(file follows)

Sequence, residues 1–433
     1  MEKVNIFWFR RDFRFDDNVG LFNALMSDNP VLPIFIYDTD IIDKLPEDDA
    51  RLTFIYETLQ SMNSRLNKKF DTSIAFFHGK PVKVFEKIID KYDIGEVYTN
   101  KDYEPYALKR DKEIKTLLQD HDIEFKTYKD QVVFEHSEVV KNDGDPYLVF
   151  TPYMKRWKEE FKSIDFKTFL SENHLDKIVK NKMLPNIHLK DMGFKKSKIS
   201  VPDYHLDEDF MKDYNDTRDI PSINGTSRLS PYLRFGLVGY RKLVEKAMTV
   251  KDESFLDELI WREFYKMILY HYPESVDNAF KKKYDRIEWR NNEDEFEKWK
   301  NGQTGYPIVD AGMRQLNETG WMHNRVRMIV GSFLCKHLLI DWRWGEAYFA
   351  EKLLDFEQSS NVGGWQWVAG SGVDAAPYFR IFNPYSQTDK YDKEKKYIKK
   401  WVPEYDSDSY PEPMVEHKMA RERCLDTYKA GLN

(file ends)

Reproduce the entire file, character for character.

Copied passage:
Sequence, residues 1–433
     1  MEKVNIFWFR RDFRFDDNVG LFNALMSDNP VLPIFIYDTD IIDKLPEDDA
    51  RLTFIYETLQ SMNSRLNKKF DTSIAFFHGK PVKVFEKIID KYDIGEVYTN
   101  KDYEPYALKR DKEIKTLLQD HDIEFKTYKD QVVFEHSEVV KNDGDPYLVF
   151  TPYMKRWKEE FKSIDFKTFL SENHLDKIVK NKMLPNIHLK DMGFKKSKIS
   201  VPDYHLDEDF MKDYNDTRDI PSINGTSRLS PYLRFGLVGY RKLVEKAMTV
   251  KDESFLDELI WREFYKMILY HYPESVDNAF KKKYDRIEWR NNEDEFEKWK
   301  NGQTGYPIVD AGMRQLNETG WMHNRVRMIV GSFLCKHLLI DWRWGEAYFA
   351  EKLLDFEQSS NVGGWQWVAG SGVDAAPYFR IFNPYSQTDK YDKEKKYIKK
   401  WVPEYDSDSY PEPMVEHKMA RERCLDTYKA GLN